Creating Conscious Culinary Systems in the Jungle with Mark Brand
By Alice Beth Stankovitch
“Any great idea, before it becomes the norm, is crazy.”
This is the kind of thought casually dropped by Mark Brand, who we were lucky to host recently. A social entrepreneur and restauranteur, Mark is probably best known for resurrecting Vancouver’s Save-on-Meats into a profitable, kickass feeding machine for the community. These days, he travels the world to help organizations, governments, and companies do more good.
“Any great idea, before it becomes the norm, is crazy” Mark says.
As you can imagine, he fits right in at Kalu Yala.
Mark came to know Kalu Yala through the 2016 HATCH Experience– an annual gathering of thought leaders hosted in our jungle valley. Since then, he visits when his speaking schedule allows– acting on our advisory board, taking on staff members as a protégés, and is currently exploring restaurant opportunities for Kalu Yala towns. (Fingers crossed for that pizza place. Please, Mark? Signed, Alice.)
Recently, Mark came to work with our kitchen team on designing conscious culinary systems. He helped optimize our processes for positive social and environmental impact, while ensuring reliable production of abundant, healthy, and delicious meals for a fast-growing community.
No sweat, right?
Here are a few takeaways from our sessions with Mark.
Find new opportunities for local partnerships.
Kalu Yala strives to maintain a local and sustainable food system. Our Food Forest expands every semester, and we source as much as possible from small surrounding farms. There are always loose ends, though. For instance, how can we responsibly incorporate wheats, grains, and other staples into our diets if not grown nearby? How do we not miss out on hidden local vendors in a secluded jungle region? (It’s not like our neighbors have a LinkedIn page.)
Here are a few solutions Mark helped us find in our own backyard:
- Promote Dario, a local and veteran of our farm team, into a product sourcing role– finding more farms and vendor opportunities
- Diversify our local food purchases– expanding from raw produce to products like breads, tamales, pastries, and empanadas
- Find new opportunities in existing relationships– like sourcing goat cheese from Sonia, a member of the kitchen team
- Standardize menu to implement local ingredients into consistent plan– allows for consistent local deliveries and orders
- Use local ingredients in creative ways (like using green bananas to make granola) to expand potential use for each ingredient
Be creative and resourceful with ingredients.
Our commitment to growing and sourcing food locally means we have to be creative with how we use our ingredients. As an exercise, Mark invited the kitchen crew to list their favorite ingredients. Turns out, most of the items are grown at Kalu Yala or can be sourced within 50 miles. Seeing all those ingredients energized the crew to revisit our menu and find new ways to expand and diversify our use of local ingredients.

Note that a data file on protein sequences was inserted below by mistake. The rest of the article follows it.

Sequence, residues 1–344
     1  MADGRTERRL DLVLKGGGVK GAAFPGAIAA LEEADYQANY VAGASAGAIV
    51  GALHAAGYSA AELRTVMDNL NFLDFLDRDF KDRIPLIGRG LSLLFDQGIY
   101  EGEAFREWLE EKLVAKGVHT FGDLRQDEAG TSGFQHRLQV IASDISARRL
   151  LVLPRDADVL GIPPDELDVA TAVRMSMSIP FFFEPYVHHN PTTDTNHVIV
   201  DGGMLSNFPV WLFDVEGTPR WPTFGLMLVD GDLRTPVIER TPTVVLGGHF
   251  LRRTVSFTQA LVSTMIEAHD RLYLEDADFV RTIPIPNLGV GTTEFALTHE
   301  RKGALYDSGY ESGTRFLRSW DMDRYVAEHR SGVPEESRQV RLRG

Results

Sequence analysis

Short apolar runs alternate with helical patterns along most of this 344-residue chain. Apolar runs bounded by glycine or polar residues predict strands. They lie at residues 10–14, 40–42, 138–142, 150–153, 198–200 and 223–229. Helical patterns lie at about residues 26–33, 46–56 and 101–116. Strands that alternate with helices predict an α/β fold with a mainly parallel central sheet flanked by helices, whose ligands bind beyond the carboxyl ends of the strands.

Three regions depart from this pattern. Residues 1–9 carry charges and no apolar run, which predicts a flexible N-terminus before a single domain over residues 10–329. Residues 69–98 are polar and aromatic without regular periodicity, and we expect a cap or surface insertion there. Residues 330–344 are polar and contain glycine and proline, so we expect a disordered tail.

“Growing and sourcing food locally isn’t a problem, it’s an opportunity. All your favorite foods are grown here or within 30 miles of here. If you can’t make 21 delicious, rotational means out of 50+ ingredients, we have a problem.”
Mark worked the kitchen team to identify new creations and combinations– like using green bananas to make granola and incorporating guanabana into our morning oatmeal. He also helped design a 21-day menu that allows for the most efficient (and savory) implementation of local ingredients. Click through the gallery below to see some of our favorite locally sourced meals.
Create a circular culinary economy
A circular economy tries to optimize its consumption– from sourcing and material use to re-use– in order to avoid waste and environmental pollutions. A circular culinary economy is one that:
- Effectively manages and uses natural resources such as soil, water, minerals, and biodiversity
- Optimizes food use, including reducing food waste, avoiding processed foods, and increasing vegetable-based protein sources
- Makes optimum use of residue streams, such as vegetable stalks, fruit pulp, and stale bread to reduce biomass loss
Mark sees Kalu Yala as an environment for fostering such a circular culinary economy. For one, we’re obsessed with sustainable solutions, constantly looking for ways to reduce our ecological footprint and advance a positive social impact. We also support like-minded startups through our Kalu Yala Business Incubator– restaurants included.
“There’s room for culinary students to come here and create their own thing. There’s room to create circular culinary economies.”
As Kalu Yala grows, Mark envisions an array of independent culinary options growing along with it. While the Institute is currently the main operation at Kalu Yala, our population grows every semester as more permanent and semi-permanent residents move in and more visitors cycle through. Already, we have Curioso Coffee – a closed-loop cafe launched by our videographer, Sully’s Sorbet– started by a former student, now part of the Business Incubator, and Nueva Vista– a fine dining restaurant. Next year, we hope to have Mark’s pizza restaurant call the recreation field below town square “home.” (Seriously, Mark. Please?)
Could Kalu Yala play host to a circular culinary economy? Time will tell, but we’ve got Mark Brand’s vote.
“I’m very invested in Kalu Yala; I have been for awhile, I’m invested in where you’ve been and I’m where you’re about to go. I think we can accelerate the vision of what’s possible, culinary-wise.”
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